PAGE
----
Infometrics Senior Economist Nick Brundson highlights forecast 2023/24 payout will fall below operating expenses for the average New Zealand farm, but it’s part of the broader volatility of pricing and the evolution of the industry post “peak cow”.
The latest drop in Fonterra’s forecast payout amounts to a NZ$2.7bn fall in revenue for dairy farmers, on top of the NZ$2.0bn drop in the previous season. DairyNZ forecasts that costs will ease slightly, taking the break-even point down to NZ$7.51kgMS for the 2023/24 season – an improvement, but still higher than revenue. The reduction in break-even is in part driven by farmers deferring expenditure to match the lower payout.
High pay outs over the past 20 years prompted conversion of other agricultural land to dairy, and intensification of existing dairy farming land. The dairy sector expanded rapidly between 2000 and 2014, with the area of dairy land rising 34%, and the number of cows rising 44%. Greater intensity enabled even faster growth in production, with milk solids production rising 70%.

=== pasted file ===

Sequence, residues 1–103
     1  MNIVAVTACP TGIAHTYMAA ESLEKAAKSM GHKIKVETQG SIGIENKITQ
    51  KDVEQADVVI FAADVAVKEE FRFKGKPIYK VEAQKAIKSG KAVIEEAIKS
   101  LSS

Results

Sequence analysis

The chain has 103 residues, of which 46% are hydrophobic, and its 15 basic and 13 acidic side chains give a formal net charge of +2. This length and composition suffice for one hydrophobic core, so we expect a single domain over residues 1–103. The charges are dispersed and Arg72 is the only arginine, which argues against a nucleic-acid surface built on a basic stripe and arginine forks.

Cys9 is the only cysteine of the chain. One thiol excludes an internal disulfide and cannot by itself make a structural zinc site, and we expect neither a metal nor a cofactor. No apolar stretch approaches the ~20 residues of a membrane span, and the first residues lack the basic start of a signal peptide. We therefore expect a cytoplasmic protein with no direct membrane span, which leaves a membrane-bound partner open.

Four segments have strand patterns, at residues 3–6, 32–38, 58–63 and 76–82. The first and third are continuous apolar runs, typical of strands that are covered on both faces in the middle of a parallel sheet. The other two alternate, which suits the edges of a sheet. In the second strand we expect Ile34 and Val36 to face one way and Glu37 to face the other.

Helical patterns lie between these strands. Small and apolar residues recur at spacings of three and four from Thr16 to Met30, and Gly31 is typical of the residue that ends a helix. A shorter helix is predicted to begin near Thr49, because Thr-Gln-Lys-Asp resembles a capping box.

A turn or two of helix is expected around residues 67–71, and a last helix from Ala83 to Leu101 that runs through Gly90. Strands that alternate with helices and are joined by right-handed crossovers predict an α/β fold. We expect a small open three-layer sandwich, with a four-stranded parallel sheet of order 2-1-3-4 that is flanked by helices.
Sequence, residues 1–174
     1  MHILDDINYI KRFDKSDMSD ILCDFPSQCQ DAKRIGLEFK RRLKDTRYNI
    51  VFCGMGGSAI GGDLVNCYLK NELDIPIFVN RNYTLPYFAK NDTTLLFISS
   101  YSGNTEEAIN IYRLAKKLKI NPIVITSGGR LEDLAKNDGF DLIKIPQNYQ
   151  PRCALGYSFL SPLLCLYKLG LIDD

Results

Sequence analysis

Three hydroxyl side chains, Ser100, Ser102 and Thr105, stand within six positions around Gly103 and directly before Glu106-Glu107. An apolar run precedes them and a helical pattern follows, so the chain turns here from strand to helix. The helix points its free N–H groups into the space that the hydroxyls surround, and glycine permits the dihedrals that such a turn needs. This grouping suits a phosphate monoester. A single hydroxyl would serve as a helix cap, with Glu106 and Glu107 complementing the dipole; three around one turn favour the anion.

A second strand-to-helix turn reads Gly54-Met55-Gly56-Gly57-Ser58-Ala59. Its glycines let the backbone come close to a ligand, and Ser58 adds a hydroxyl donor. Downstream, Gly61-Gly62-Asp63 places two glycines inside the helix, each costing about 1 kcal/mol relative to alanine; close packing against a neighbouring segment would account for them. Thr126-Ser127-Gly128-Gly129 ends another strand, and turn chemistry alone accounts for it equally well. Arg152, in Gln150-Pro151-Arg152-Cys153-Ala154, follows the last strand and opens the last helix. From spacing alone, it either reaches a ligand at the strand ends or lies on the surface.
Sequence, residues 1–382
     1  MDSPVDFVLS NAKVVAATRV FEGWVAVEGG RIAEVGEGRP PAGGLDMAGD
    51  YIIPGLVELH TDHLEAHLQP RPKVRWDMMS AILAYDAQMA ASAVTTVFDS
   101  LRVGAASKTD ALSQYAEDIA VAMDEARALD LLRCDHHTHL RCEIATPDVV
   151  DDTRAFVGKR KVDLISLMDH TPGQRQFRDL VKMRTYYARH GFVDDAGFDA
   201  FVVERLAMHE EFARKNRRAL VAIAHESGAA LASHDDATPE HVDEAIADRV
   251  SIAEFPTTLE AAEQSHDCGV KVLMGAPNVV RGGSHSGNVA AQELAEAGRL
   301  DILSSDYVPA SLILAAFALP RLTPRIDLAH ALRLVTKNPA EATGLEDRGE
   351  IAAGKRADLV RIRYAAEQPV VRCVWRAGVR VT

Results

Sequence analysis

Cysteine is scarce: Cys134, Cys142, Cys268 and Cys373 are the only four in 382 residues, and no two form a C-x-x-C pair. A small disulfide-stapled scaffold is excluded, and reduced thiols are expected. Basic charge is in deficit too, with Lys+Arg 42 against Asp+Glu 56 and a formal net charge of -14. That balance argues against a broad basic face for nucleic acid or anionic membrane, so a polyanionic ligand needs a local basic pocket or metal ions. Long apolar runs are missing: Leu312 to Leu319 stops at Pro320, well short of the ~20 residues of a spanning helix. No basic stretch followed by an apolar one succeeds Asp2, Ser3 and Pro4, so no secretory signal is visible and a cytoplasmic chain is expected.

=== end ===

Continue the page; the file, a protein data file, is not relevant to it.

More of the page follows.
Since 2015, the sector has been making more with less. Between 2014 and 2021, dairy land and cows both fell 3%, but milk solids production only fell 1%. Looking ahead, the Climate Change Commission (CCC) assumes that the sector will continue to make more with less. The CCC baseline projections are for a 10% reduction in cows between 2021 and 2035, but only a 2% reduction in milk solids.